In 1836 the Danish romantic visionary Wulff travels to Africa to create plantations on the Gold Coast, but his best intentions and belief is soon confronted with a harsh reality dominated by slave trade and unbelievable brutality.
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The Gold Coast (Guldkysten), is a dense and visceral exploration of a dark time in European history, namely the Danish involvement in the slave trade on the African coast during the 1830s. Undoubtedly a politically charged affair, this film is also an intense portrait of obsession and individual morality.Written by
I saw this film yesterday with my family. It was s-l-o-w, boring for about 90% of the time, largely pointless and way too long. On top of this, my entire family agreed with me that there is more than one plot hole which really topped it all off. Disappointing to say the least! Oh yeah, and the music is the most inappropriate I have ever experienced. It is so totally out of touch with the film and the age of slavery - some strange pounding techno. At times it goes into much more soothing and pleasant style, which I really likes, but I totally stopped concentrating on the film at least 5 times, because I was wondering what the hell that style of music was doing in that scene?!
The only good thing I can say about it is that it's really really beautiful and it makes an effort to show the geography and nature of Africa. Jakob Oftebro is a terrific actor but he can't save this film.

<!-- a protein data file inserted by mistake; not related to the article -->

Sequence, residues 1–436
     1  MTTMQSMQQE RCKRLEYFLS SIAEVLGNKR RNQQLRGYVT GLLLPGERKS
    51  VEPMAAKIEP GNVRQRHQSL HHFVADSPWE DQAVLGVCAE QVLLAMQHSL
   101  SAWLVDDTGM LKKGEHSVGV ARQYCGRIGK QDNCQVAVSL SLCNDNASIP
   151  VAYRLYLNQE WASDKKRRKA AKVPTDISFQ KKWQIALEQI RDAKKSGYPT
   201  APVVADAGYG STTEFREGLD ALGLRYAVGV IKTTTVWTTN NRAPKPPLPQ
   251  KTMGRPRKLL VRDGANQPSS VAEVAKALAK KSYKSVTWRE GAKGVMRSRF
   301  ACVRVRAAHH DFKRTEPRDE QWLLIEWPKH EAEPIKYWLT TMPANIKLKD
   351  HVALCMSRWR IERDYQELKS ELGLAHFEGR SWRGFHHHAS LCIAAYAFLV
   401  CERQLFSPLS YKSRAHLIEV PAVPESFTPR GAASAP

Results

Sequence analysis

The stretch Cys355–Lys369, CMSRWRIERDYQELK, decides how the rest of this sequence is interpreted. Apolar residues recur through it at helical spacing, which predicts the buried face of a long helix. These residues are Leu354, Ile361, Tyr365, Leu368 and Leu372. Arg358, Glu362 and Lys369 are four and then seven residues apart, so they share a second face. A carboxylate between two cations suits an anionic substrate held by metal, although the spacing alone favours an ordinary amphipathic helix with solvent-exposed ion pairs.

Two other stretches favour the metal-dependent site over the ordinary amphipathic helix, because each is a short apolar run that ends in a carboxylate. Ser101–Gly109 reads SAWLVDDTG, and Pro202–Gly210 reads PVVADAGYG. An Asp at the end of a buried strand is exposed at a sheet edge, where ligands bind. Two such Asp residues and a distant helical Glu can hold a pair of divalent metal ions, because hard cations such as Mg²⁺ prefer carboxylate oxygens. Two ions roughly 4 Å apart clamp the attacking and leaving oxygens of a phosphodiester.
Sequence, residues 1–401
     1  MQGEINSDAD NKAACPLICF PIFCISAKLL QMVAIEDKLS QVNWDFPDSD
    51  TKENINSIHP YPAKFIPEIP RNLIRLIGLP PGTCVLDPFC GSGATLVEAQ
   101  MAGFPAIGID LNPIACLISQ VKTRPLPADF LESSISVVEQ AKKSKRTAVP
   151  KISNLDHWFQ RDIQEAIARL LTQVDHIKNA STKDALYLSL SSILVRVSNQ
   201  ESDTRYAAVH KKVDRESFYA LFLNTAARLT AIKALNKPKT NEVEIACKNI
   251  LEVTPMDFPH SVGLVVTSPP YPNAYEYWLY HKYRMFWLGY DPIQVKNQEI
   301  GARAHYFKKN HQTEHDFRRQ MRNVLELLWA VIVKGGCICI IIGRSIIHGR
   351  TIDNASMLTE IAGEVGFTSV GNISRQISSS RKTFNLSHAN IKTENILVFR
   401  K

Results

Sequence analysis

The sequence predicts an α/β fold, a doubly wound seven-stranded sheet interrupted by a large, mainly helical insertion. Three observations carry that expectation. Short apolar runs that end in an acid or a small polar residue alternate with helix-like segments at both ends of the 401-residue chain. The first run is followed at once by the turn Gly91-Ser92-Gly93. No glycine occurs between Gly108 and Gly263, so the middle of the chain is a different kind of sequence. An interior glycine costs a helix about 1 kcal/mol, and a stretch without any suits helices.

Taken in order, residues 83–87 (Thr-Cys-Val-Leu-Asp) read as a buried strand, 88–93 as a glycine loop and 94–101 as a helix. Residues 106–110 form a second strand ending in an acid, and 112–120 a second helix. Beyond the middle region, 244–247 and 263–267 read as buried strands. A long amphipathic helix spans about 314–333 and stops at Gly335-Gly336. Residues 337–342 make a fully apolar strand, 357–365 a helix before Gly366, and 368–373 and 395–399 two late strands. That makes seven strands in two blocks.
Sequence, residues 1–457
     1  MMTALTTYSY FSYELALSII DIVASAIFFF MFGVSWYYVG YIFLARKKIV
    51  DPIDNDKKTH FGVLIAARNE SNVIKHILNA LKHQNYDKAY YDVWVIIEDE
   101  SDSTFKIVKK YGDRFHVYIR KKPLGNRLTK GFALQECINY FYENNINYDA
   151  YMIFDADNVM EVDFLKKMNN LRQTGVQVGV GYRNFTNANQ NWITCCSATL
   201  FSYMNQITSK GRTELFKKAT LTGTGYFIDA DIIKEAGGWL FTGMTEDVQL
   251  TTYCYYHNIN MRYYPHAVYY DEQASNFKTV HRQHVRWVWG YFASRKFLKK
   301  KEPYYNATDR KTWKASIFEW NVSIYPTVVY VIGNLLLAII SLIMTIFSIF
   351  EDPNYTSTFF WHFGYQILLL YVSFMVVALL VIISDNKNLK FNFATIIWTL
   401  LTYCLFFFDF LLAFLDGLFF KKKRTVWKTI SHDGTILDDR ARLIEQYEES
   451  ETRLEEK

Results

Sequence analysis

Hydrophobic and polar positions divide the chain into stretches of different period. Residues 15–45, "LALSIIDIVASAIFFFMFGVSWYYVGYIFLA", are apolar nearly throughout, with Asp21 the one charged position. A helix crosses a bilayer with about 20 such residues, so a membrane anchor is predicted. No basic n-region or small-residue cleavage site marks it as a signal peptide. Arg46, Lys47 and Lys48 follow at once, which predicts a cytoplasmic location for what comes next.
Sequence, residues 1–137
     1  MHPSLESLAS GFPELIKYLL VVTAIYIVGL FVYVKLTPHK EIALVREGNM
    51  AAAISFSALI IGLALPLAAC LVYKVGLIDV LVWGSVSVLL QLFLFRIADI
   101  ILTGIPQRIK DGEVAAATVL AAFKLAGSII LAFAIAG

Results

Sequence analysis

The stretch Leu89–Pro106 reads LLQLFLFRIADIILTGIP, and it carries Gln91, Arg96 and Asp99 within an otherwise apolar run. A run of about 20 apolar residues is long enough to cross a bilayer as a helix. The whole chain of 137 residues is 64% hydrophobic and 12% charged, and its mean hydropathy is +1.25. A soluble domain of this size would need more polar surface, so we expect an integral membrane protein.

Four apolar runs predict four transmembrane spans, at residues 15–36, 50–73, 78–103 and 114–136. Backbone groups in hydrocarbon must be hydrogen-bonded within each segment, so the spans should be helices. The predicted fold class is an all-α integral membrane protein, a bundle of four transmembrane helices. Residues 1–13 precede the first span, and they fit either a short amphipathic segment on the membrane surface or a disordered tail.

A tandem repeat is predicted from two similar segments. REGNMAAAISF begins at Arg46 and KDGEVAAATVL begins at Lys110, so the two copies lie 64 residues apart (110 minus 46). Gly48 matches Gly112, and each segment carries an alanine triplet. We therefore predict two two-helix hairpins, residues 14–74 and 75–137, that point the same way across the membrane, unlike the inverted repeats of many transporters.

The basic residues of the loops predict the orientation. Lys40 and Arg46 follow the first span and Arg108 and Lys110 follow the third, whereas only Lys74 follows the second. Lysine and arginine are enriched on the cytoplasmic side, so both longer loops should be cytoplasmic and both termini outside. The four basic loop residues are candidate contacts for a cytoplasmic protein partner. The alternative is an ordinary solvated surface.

I was actually surprised I only fell asleep once, and after the film I was relieved to find out that mom, dad and brother felt the exact same way. This film is slow, boring and totally without a flow. Several of the characters are really poorly worked through and very unimpressive. On top of all this, there was plenty of that pointless thing I really hate: hand held camera! 98% of the footage is shaky because it is not filmed on a tripod or steady-cam, and I just absolutely abhor it!! I see no excuse for all that shaky footage when it doesn't seem to serve any purpose - here it is being used through even the most peaceful and tranquil scenes, so it is obviously just there to make the director appear more intellectual. Failing miserably, I must add.
I highly recommend giving this one a miss. It's the poorest film I have seen in years.
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